Thumbs Down: Overly passive Josh Jackson in beginning, overly aggressive in end
Jackson was racking up the fouls on Wednesday, but my biggest take from his performance was his lack of shot attempts. Jackson still jacked up 13 of them as he settled in, but you could tell immediately he was focusing more on facilitating it around at first. Jackson was whipping it around often to the likes of Ayton and Ariza, but he also doubled his turnovers to his assists. In the end, Jackson ended up fouling out as well.
On Monday, we saw the good side of playmaking Jackson, but some bad habits returned. Once it slows down for him and Booker is back, it should take some of this burden off of him, but if there is no trade made for another point guard, they will be relying on Jackson early and often from a playmaking aspect in Kokoskov’s scheme as one of the secondary initiators.
It’s at least progress from how Jackson fared in the first half of his rookie season, but there will be some speed bumps from time to time, especially when this young roster is still in its infancy of learning an entirely new system.
Thumbs Up: T.J. Warren the bench spark plug?
One of the underlying subplots for the Suns would be how T.J. Warren accepted a bench role after starting the past few seasons. Adding in Ariza and Anderson plus drafting Mikal Bridges leaves Warren pegged to play plenty of minutes at the 4. Through the first two games, we have seen Warren play more power forward than Dragan Bender.
What continues to maintain under Kokoskov is Warren’s efficiency, even with more ball movement going on all around him. On Monday, Warren only missed one shot and scored 16 points. This time around, Warren hit 40% of his shot attempts while scoring 13 points, which included 8-12 on free throws.
If Warren is able to thrive in a role of the bench, it changes things for him as he looks to be the backup to Anderson at the moment in this rotation.
Before the season even began, General Manager Ryan McDonough spoke on how the excess amount of wings wasn’t something they saw as an issue. For example, teams like the Boston Celtics and Houston Rockets have made their bread-and-butter positional versatility while switching everything on defense.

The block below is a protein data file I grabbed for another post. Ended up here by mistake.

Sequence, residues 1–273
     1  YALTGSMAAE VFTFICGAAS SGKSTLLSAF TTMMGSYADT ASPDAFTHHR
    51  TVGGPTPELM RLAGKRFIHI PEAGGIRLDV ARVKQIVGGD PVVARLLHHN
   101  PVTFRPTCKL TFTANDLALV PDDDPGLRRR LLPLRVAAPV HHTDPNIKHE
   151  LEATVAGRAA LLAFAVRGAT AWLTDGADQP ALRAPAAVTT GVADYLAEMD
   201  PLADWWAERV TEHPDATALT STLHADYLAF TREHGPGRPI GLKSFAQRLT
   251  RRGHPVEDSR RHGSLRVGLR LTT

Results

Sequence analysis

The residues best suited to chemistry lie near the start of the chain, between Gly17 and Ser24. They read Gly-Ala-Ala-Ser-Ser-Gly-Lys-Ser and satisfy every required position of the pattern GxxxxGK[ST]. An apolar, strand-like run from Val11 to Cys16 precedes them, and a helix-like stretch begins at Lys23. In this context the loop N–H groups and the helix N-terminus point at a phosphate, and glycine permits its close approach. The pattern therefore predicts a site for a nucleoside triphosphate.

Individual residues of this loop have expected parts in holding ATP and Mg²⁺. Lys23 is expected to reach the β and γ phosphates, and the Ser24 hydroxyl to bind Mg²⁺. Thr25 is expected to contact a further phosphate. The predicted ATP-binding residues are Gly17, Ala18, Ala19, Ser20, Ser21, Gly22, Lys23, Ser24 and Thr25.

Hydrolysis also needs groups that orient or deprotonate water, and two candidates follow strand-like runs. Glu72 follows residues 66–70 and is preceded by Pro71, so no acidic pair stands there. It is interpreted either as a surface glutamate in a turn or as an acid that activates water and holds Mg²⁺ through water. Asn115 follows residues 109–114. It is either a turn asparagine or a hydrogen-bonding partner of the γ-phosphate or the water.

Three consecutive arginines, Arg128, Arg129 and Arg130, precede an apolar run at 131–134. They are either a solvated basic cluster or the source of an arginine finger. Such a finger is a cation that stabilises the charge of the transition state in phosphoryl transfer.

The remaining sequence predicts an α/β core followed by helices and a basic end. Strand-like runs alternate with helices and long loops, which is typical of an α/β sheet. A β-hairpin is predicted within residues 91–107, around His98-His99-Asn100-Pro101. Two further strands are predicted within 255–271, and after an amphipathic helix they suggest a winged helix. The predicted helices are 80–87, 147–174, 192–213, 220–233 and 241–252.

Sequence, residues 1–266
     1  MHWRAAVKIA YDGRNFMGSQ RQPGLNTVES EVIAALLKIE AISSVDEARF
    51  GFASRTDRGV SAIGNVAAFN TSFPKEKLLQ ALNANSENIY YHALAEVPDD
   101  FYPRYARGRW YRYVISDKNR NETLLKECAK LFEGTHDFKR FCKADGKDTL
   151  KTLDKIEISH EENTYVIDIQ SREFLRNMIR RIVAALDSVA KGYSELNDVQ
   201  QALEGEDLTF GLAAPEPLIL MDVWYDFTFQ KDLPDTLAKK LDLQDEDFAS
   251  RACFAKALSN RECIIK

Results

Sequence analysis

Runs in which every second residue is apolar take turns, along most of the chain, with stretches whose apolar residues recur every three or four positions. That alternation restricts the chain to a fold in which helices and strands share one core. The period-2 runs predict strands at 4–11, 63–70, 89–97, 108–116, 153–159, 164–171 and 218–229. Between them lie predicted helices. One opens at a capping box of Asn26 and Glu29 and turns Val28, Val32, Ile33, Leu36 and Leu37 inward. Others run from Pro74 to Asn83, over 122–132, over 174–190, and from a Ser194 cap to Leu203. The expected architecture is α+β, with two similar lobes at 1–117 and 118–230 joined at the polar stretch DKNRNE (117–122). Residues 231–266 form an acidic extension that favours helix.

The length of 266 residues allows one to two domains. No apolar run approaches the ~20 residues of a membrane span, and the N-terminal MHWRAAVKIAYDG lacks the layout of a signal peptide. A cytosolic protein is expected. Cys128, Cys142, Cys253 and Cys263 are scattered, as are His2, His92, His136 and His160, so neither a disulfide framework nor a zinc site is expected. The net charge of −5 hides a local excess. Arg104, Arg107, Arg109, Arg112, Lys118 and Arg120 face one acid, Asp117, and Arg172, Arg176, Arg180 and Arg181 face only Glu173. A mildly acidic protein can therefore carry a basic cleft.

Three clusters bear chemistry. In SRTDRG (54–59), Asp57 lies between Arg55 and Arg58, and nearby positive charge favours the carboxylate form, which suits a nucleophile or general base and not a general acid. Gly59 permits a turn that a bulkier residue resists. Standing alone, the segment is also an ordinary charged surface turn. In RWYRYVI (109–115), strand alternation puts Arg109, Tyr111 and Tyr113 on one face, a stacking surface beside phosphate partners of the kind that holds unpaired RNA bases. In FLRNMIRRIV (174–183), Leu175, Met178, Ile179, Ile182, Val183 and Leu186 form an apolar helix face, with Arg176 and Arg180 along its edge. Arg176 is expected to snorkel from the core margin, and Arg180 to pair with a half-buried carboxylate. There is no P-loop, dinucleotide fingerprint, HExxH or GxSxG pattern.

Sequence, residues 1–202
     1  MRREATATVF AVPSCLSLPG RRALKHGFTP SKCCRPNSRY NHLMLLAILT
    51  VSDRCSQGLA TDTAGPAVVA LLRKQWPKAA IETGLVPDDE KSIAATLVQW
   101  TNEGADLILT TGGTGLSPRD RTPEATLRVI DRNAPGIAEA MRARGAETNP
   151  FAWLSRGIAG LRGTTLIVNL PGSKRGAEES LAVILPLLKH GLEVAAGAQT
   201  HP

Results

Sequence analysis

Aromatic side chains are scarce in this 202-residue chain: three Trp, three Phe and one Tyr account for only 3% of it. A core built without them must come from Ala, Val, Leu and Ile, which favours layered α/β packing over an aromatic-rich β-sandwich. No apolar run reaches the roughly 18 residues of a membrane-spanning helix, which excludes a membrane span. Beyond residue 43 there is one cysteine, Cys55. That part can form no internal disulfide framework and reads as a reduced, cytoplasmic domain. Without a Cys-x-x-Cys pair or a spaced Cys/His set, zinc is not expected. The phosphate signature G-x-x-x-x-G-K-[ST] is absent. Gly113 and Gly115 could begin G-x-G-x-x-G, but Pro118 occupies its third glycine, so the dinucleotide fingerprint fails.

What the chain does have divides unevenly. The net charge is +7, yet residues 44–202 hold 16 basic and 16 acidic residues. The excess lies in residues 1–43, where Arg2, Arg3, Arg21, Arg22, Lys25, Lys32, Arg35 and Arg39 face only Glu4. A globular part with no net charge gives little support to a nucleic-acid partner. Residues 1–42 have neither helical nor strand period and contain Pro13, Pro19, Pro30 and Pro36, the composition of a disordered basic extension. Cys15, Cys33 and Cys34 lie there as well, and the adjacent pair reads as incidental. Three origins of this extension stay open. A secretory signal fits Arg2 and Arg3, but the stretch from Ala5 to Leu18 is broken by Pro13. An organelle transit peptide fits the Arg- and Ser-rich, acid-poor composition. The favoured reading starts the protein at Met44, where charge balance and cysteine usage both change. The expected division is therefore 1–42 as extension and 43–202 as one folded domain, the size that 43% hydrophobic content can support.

The Suns are nowhere close to where Kokoskov wants them to be, but in time a player like Warren could turn in more value if the buy-in process was short and sweet in coming off the bench.
Thumbs Down: Dragan Bender possibly falling out of the rotation?
After another disastrous performance from Bender in the preseason opener, Kokoskov decided to just leave him on the bench this time around until there was 10 minutes left in a game that was out of hand. That’s a really bad look for the No. 4 pick in the 2016 Draft.
Remember, the Suns have until October 31 to either pick up or decline Bender’s fourth-year team option for $5.9 million. If the Suns were to decline Bender’s option and stretch Anderson, they would be sitting just above $40 million in cap space for next summer.
Dragan Bender just had a disastrous few minute stretch there. Barely hit the rim on a three-point attempt and already has three fouls and one turnover in 8 minutes. Already has team-worst plus-minus of -7.— Evan Sidery (@esidery) October 4, 2018
Bender failed to capitalize in Las Vegas Summer League as the most experienced player on their roster, and the timidity continues to show itself through.
For things the Suns wanted Bender to improve on, it was a near carbon copy of what was said before last season with aggressiveness.
It’s put up or shut up time for Bender, and these next few weeks will likely decide his future in a Suns uniform. Early results are showing the raw big man from Maccabi Tel Aviv might be the third and final piece from the 2016 Draft that is not on this roster anymore following the departures of Marquese Chriss and Tyler Ulis.
Currently, it looks as if Bender has been usurped by Warren for the spot he was expected to fill this season.